Appeal from a judgment of the circuit court for Sauk county: Robert F. Curtin, Judge.
Gartzke, P.j., Dykman, J. and Gordon Myse, Reserve Judge.
The opinion of the court was delivered by: Dykman
Frederick Lumby appeals from a judgment of divorce. He claims that the trial court erred by excluding his business debts from the marital estate when it made the property division. We hold that the appeal is moot because both parties were discharged in bankruptcy after the judgment was entered. We therefore dismiss the appeal.
Frederick and Patricia Lumby were divorced April 7, 1982. At the hearing, Frederick testified that he had incurred substantial debts in connection with his business both before and during the marriage. As of the time of hearing, he owed business and non-business creditors $217,042. The trial court excluded from the marital estate the real and personal property connected with Frederick's business and his business debts. The court divided the parties' non-business assets equally between them. It assigned the business debts to Frederick and ordered him to pay Patricia $7,118.50 as part of the property division.
Both Patricia and Frederick were subsequently granted discharges in bankruptcy. We ordered the parties to brief the issue whether the discharges had mooted this appeal. Patricia argues that the appeal is moot because the only claim of error involves the trial court's treatment of the business debts. Frederick argues that the appeal is not moot because he reaffirmed his $7,118.50 debt to Patricia.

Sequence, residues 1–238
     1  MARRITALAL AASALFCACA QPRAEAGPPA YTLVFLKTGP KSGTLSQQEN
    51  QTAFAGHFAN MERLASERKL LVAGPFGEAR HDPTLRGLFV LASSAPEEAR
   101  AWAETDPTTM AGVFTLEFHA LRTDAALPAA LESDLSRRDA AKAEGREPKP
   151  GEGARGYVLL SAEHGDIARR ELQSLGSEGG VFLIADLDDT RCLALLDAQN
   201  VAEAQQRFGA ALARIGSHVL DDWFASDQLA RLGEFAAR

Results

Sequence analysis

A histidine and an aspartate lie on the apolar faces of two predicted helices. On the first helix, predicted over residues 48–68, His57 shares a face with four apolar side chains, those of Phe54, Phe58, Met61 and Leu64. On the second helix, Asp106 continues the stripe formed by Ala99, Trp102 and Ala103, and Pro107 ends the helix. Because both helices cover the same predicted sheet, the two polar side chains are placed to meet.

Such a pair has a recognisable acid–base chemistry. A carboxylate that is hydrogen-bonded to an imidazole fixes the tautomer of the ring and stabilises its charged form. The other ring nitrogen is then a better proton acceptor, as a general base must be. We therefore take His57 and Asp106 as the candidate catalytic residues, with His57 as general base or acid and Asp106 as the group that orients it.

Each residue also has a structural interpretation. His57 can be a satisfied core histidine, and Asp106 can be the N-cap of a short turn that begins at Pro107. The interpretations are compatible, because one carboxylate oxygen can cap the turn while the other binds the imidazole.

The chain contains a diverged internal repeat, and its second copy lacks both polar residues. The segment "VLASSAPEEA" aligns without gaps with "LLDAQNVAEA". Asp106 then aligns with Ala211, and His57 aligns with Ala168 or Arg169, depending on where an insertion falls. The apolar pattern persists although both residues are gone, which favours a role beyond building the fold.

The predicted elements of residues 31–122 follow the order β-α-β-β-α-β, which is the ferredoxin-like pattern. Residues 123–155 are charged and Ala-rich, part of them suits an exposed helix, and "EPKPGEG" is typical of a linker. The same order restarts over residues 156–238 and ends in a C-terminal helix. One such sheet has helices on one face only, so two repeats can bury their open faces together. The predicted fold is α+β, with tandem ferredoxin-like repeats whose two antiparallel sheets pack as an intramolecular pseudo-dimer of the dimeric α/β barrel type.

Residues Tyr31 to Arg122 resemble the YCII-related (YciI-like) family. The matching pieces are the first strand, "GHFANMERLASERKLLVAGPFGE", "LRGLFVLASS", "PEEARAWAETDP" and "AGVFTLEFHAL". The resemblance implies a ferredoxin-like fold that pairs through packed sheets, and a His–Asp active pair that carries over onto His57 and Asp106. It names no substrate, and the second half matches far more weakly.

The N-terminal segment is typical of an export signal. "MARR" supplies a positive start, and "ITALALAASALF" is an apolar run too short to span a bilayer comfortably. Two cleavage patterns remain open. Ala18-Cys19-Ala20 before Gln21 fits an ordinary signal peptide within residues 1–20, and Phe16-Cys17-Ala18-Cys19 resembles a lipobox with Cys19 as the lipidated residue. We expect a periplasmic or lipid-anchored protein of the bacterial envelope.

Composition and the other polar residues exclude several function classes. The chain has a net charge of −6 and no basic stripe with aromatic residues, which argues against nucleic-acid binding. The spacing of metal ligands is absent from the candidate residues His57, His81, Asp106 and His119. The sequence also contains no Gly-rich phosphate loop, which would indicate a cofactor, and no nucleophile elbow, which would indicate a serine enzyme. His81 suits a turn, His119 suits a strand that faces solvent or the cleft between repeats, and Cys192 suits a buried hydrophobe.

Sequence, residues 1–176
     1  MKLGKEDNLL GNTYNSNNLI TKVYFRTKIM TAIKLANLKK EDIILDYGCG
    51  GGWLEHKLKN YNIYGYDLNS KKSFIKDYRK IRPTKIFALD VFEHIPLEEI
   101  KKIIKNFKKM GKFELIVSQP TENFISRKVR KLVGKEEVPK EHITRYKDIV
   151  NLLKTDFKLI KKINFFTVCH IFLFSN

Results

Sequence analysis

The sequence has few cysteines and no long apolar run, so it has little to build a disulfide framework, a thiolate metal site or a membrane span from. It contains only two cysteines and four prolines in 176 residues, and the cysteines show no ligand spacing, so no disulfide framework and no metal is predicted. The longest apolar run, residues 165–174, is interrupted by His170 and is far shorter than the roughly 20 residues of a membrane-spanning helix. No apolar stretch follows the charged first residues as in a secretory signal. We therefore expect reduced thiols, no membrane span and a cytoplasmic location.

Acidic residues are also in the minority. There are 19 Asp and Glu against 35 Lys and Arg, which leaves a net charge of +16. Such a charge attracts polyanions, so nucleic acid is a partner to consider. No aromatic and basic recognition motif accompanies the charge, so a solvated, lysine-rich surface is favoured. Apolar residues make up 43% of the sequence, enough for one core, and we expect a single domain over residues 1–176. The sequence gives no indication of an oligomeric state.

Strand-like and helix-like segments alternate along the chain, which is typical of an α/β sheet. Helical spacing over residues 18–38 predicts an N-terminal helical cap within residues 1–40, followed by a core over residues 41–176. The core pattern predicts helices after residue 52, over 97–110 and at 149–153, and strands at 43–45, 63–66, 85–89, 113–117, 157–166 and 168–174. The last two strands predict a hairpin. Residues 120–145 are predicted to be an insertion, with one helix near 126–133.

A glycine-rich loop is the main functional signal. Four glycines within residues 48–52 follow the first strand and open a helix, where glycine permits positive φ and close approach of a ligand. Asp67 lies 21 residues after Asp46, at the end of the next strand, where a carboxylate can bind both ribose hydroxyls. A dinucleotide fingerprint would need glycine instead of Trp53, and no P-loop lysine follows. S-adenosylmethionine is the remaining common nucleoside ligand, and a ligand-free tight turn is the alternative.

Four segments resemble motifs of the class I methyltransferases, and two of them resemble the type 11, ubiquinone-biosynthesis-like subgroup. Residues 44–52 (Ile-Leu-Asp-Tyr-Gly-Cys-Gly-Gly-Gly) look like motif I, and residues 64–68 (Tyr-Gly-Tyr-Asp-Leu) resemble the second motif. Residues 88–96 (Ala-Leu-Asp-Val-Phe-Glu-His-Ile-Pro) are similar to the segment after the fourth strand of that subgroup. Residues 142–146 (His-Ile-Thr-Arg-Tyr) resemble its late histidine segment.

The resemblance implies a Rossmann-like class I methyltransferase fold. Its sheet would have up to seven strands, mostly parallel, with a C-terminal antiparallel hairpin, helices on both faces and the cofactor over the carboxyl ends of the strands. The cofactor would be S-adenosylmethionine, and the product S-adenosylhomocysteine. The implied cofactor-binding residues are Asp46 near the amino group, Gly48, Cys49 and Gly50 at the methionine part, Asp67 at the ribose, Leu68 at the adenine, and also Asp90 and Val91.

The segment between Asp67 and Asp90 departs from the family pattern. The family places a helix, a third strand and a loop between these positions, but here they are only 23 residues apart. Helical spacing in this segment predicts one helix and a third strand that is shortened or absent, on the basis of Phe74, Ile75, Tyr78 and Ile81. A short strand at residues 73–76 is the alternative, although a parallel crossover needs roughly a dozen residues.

The bankruptcy court records in Frederick's and Patricia's cases are "capable of accurate and ready determination" by this court, Schlumpf v. Yellick, 94 Wis. 2d 504, 510 n. 8, 288 N.W.2d 834, 838 (1980), and we will take judicial notice of them. The records show that Frederick filed a voluntary bankruptcy petition on January 20, 1983. The bankruptcy court granted him a discharge May 3, 1983, and the estate was closed May 25, 1983. Patricia filed a voluntary bankruptcy petition on February 27, 1983. The bankruptcy court granted her a discharge June 30, 1983, and the estate was closed July 26, 1983. Frederick wrote a letter to Patricia dated January 25, 1983, reaffirming his debt to her in the amount of $7,118.50 or whatever was determined after this appeal. The letter was attached to the schedule of property on Patricia's petition. Frederick did not reaffirm the debt in his own case, however, and the bankruptcy court did not approve his reaffirmation. Frederick stated in a letter to the court asking to be excused from attending the reaffirmation and discharge hearing that he had no debts to reaffirm.
11 U.S.C.S. sec. 727(a) provides in part:
The court shall grant the debtor a discharge unless --
(10) the court approves a written waiver of discharge executed by the debtor after the order for relief under this chapter.
11 U.S.C.S. sec. 524 sets standards for court approval of a debtor's reaffirmation of debts. It provides in part:
(c) An agreement between a holder of a claim and the debtor, the consideration for which, in whole or in part, is based on a debt that is dischargeable in a case under this title is enforceable only to any extent enforceable under applicable non-bankruptcy law, whether or not discharge of such debt is waived, only if --
(1) such agreement was made before the granting of the discharge under section 727, 1141, or 1328 of this title;
(2) the debtor has not rescinded such agreement within 30 days after such ...